The media asset displayed in screen 500 may be a linear or non-linear media asset. For example, in some implementations, the media asset may be a live broadcast of an event. A user in the crowd may be consuming the media asset and provide input to control circuitry 304 requesting that the media asset be paused. In response, control circuitry 304 may pause play of the media asset. In some implementations, control circuitry 304 may transmit a message to remote server 415 identifying the media asset, the position associated with the pause point, and/or information about the user. In some implementations, in response to pausing play of the media asset, control circuitry 304 may present recommendation 550 and/or pause information 540. Information overlay 530 may include any information identifying or describing the media asset (e.g., a title, detailed description, content rating, etc.).

Transport bar 520 may indicate to the user a current position within the media asset relative to a start and end time of the media asset. In response to receiving a user input requesting that the media asset be paused, control circuitry 304 may present an indicator 522 identifying that the media asset has been paused. Indicator 522 may include a current play position (e.g., 7:45) associated with the pause point. Specifically, current play position corresponds to the play position at which the user instructed control circuitry 304 to pause. A region of transport bar 520 that precedes the pause position that corresponds to a portion of media asset 510 that has been viewed may be visually distinguished from other regions of transport bar 520. This allows the user to easily determine which portions of media asset 510 have already been played or viewed.

In some embodiments, control circuitry 304 may determine whether other information (e.g., a recommendation or data about other users who paused the media asset at a corresponding play position) corresponding to the paused position is available. As discussed in more detail below, a play position at which one user paused a media asset may correspond to a play position at which another user paused the media asset if the two play positions are within a threshold amount of time of each other. For example, if one user paused the media asset at a first play position of 7:45 and another paused the media asset at a second play position of 7:47, remote server 415 may determine that the first play position corresponds to the second play position because they are within two minutes of each other. A play position at which one user paused a media asset may correspond to a play position at which another user paused the media asset if the frames corresponding to the two play positions have less than a threshold amount of changes between them. For example, if one user paused the media asset at a first play position corresponding to a frame with three objects at a first set of display locations and another paused the media asset at a second play position corresponding to a frame with three objects at a second set of display locations, remote server 415 may determine that the first play position corresponds to the second play position if the second set of display locations are less than a threshold distance from the first set of display locations.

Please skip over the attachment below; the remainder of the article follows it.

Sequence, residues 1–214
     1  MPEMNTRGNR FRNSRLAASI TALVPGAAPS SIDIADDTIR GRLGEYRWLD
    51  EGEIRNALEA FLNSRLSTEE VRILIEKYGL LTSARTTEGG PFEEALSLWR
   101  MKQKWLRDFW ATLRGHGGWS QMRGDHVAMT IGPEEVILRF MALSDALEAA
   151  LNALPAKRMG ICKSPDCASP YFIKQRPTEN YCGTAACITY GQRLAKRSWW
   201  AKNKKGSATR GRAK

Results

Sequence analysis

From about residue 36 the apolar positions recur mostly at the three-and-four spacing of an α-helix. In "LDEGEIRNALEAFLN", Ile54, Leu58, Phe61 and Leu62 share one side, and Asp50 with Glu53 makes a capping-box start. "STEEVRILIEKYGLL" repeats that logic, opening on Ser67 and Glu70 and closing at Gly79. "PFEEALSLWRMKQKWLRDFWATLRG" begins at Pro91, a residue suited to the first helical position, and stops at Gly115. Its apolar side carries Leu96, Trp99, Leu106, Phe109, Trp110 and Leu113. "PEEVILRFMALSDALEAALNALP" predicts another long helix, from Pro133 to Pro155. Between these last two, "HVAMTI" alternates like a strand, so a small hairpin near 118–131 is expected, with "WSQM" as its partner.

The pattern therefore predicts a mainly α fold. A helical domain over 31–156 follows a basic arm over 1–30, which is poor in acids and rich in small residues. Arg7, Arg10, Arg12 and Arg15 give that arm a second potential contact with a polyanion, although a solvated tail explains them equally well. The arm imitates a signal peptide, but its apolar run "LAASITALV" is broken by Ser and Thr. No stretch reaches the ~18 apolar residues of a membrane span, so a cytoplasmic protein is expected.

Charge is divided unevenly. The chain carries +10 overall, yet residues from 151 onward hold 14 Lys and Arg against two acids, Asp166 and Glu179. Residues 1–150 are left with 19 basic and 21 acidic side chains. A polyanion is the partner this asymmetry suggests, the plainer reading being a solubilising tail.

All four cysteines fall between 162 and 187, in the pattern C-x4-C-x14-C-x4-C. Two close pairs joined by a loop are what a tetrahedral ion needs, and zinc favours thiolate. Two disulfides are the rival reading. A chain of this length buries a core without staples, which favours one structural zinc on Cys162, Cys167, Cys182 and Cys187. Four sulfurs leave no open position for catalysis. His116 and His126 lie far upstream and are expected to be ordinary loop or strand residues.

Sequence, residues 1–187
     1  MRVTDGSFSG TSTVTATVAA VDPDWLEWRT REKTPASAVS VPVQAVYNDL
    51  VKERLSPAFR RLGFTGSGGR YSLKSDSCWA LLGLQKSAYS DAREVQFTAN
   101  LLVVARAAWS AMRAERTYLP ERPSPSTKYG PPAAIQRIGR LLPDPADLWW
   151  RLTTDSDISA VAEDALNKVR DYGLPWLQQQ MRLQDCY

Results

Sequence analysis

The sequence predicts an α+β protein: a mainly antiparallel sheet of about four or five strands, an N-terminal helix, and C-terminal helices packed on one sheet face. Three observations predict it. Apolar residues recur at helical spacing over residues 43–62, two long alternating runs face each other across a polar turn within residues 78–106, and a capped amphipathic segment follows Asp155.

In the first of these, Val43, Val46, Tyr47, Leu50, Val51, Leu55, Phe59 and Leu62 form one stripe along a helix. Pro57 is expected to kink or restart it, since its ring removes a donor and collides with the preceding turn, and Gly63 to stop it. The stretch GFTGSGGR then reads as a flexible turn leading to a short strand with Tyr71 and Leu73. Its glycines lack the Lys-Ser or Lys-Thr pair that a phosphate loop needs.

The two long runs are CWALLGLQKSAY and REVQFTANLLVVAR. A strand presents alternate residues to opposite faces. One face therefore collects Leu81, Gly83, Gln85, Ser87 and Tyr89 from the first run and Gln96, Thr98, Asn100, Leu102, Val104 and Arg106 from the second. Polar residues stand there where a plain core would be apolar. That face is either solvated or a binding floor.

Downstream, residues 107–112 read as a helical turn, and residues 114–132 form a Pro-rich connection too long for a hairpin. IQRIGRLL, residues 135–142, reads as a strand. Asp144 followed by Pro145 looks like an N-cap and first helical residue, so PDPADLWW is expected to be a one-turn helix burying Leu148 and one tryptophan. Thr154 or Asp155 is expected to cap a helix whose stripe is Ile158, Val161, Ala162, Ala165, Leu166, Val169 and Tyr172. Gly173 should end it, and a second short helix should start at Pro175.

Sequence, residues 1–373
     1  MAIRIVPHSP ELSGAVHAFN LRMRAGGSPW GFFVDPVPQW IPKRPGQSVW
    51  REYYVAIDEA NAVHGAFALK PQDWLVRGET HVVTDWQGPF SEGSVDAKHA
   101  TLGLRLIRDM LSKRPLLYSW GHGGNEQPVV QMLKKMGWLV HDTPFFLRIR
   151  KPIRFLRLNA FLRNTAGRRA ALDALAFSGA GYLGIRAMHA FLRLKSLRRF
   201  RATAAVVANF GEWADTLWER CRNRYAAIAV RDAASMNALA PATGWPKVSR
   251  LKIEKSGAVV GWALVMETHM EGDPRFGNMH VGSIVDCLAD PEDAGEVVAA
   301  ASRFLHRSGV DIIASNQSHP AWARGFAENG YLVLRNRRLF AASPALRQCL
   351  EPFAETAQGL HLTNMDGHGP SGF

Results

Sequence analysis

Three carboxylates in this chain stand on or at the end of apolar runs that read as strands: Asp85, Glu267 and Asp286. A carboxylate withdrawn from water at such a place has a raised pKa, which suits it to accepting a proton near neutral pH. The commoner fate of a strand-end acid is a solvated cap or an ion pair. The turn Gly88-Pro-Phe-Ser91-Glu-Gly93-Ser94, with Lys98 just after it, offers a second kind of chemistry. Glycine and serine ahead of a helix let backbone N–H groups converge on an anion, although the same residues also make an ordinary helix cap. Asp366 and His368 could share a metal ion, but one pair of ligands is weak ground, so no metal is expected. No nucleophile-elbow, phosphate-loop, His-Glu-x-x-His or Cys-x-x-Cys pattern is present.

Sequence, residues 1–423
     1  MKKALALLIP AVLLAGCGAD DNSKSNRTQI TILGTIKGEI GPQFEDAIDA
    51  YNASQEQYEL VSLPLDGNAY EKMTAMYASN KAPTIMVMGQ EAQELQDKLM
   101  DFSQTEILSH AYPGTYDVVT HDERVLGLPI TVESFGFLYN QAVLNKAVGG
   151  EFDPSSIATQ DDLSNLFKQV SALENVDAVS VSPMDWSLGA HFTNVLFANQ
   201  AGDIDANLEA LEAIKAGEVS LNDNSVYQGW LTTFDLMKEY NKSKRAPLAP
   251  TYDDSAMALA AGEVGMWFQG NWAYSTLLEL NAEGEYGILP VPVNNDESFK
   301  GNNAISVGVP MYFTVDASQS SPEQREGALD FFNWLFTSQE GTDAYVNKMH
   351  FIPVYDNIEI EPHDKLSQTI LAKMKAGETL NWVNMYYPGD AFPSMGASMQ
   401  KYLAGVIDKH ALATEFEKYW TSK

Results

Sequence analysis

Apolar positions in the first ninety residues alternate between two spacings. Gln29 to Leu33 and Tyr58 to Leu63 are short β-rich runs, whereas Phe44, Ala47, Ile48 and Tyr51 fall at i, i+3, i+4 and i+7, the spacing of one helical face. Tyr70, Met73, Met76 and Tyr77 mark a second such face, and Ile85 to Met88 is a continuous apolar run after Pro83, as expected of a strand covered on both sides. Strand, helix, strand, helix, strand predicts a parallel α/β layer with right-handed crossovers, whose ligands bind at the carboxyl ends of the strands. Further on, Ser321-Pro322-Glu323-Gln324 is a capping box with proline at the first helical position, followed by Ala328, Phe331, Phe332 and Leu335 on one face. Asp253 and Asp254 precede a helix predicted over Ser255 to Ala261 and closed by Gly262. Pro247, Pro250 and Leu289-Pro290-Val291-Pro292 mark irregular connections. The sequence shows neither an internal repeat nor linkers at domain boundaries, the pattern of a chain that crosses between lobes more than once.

Control circuitry 304 may retrieve a data structure associated with a current playback position associated with the pause point to determine whether or not information is available for the current position. The information may be provided to control circuitry 304 from remote server 415 (FIG. 4) and/or media guidance data source 418. Some of the information may have been generated based on messages received from other users identifying objects being displayed in media asset 510. In response to determining that information associated with pause point is available, control circuitry 304 may generate for display with the current frame at which playback was paused, product recommendation 550 and/or pause information 540.

In some embodiments, in case media asset 510 is a live broadcast media asset, control circuitry 304 may begin buffering subsequently received portions of media asset 510 in response to receiving user input requesting that playback be paused. For example, portions of media asset 510 that are received after the point at which the user requested control circuitry 304 to pause may be buffered to enable the user to subsequently view those portions after resuming playback of media asset 510.

The information included in pause information 540 may have been generated based on messages remote server 415 received from a plurality of users. For example, remote server 415 may receive a plurality of messages from users who paused media asset 510 at a play position that corresponds to the current position at which the current user paused media asset 510. After a threshold number of messages were received by remote server 415, remote server 415 may update pause information 540 and cause control circuitry 304 to present the updated pause information 540 associated with media asset 510 when a user subsequently pauses media asset 510 at a corresponding play position.